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To Burn like the Sun: Rituals of Fire and Death among the Classic Maya

Author(s): Stephen Houston ; Andrew Scherer

Year: 2015

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Summary

The dichotomies of hot and cold, light and darkness were essential to Classic Maya cosmology. The celestial and underworld journey of solar deities offered a fundamental mythic charter, and fire was the ultimate transformative force, providing a bridge between earthly and otherworldly realms. Such ideology is especially patent in rites of death, sacrifice, and veneration. Monuments from western kingdoms describe censing rituals performed months, years, and even decades after the death of important personages. Work at Piedras Negras demonstrates that even the long cold remains of the kings were activated by exposure to flame. In other kingdoms, fire was used to transform the most precious of mortuary offerings: the corporal remains of mourners and the bodies of sacrificed youths.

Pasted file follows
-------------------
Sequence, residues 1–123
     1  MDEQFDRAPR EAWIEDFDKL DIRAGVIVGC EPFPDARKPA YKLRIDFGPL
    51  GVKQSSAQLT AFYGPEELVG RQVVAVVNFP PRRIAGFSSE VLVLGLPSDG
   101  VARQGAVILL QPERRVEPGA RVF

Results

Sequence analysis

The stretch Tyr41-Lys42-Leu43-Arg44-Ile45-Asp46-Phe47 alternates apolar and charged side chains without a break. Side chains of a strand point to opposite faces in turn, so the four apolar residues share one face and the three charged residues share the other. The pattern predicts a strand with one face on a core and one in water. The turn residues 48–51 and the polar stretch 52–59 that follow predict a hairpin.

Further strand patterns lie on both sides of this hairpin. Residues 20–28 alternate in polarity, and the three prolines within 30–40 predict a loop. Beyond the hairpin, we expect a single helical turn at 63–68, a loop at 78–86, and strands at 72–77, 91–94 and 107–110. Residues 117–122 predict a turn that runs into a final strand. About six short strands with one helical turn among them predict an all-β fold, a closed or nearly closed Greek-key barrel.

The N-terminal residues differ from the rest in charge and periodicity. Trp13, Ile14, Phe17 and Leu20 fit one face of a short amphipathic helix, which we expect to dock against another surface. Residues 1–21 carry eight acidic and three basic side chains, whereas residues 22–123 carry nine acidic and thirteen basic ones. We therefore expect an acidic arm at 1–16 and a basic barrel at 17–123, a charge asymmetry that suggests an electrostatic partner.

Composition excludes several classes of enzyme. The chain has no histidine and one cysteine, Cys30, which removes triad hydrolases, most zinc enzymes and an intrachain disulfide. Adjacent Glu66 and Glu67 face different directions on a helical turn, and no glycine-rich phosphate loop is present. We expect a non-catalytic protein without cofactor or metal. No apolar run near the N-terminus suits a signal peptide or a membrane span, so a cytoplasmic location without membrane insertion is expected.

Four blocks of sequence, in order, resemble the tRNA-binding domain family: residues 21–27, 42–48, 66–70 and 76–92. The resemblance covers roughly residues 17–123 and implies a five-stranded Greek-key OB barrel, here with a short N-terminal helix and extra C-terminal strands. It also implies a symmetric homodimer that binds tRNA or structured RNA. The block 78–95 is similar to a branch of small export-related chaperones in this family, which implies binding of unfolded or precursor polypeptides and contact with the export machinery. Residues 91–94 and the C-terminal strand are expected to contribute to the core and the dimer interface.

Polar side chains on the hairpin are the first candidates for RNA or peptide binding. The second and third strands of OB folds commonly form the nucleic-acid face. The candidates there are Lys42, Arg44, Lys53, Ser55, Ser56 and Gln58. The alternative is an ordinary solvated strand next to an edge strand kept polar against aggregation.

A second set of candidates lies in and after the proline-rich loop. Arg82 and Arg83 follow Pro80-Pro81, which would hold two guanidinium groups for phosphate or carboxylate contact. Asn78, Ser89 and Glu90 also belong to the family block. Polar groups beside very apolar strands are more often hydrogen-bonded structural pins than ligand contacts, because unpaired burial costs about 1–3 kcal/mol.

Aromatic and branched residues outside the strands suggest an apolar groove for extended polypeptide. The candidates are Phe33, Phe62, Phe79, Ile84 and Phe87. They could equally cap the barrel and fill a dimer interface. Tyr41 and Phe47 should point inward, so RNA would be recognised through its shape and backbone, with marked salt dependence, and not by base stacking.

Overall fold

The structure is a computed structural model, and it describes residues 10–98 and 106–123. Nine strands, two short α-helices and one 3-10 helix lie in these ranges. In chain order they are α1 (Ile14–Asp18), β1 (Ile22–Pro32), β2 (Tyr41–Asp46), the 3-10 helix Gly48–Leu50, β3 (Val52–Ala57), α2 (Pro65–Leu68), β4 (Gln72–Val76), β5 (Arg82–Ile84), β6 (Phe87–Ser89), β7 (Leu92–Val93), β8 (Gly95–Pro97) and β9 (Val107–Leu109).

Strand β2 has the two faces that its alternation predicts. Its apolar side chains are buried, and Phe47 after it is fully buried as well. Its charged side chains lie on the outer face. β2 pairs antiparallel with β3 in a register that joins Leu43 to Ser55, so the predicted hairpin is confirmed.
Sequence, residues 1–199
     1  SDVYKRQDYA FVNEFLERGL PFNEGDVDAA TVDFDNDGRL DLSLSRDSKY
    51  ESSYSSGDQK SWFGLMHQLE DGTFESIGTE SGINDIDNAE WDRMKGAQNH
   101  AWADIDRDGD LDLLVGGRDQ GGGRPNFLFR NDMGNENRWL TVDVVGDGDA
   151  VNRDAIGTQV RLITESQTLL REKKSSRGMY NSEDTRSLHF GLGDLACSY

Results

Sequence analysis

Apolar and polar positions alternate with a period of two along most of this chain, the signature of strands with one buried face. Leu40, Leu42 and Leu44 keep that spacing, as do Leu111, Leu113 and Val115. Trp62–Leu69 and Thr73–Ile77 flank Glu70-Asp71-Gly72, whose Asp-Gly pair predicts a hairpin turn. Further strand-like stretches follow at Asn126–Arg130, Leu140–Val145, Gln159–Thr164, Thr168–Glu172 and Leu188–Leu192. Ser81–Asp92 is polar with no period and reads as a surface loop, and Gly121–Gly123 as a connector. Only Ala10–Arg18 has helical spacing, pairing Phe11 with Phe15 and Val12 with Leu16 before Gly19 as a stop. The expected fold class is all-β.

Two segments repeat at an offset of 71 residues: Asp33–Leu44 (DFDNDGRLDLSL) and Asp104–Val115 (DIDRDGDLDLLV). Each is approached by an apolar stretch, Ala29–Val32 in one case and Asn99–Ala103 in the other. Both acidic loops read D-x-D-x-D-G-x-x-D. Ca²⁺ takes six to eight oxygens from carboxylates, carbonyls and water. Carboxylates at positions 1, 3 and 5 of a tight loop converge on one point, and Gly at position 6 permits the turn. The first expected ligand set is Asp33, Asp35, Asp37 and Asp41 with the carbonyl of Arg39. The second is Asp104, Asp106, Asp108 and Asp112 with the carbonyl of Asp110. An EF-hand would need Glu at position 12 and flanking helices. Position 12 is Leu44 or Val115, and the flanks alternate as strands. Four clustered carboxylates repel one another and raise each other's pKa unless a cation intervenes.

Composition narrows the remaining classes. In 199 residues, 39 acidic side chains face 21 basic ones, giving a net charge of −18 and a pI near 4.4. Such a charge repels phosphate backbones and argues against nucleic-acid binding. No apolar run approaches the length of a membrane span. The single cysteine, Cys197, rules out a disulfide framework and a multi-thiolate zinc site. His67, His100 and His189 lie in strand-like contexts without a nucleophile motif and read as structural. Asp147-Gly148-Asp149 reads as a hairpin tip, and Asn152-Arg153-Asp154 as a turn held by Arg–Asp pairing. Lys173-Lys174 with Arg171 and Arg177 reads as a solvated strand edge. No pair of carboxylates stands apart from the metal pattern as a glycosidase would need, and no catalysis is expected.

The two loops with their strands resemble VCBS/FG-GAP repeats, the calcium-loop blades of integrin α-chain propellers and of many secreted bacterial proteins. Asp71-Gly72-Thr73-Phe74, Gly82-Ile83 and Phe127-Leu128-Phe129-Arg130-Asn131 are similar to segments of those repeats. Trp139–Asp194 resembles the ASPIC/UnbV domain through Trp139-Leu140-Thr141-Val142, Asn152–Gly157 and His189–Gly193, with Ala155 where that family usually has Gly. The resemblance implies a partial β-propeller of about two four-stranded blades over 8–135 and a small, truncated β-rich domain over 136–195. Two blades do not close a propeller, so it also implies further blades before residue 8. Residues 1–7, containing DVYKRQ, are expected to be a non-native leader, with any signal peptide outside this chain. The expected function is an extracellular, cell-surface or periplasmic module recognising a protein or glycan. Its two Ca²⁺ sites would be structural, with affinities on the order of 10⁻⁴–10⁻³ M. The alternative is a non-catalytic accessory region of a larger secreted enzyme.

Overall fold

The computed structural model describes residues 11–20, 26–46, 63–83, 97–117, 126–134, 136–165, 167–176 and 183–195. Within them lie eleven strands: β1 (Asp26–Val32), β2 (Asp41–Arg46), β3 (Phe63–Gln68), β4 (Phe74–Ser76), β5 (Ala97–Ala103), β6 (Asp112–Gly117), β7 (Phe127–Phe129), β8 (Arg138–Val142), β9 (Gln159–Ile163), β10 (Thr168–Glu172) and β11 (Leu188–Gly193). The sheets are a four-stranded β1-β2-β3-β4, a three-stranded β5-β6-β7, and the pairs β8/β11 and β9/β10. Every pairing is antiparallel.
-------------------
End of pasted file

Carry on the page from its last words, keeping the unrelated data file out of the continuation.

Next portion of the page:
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To Burn like the Sun: Rituals of Fire and Death among the Classic Maya. Andrew Scherer, Stephen Houston. Presented at The 80th Annual Meeting of the Society for American Archaeology, San Francisco, California. 2015 ( tDAR id: 395568)


Keywords

Geographic Keywords
Mesoamerica


Spatial Coverage

min long: -107.271; min lat: 12.383 ; max long: -86.353; max lat: 23.08 ;

Arizona State University The Andrew W. Mellon Foundation National Science Foundation National Endowment for the Humanities Society for American Archaeology Archaeological Institute of America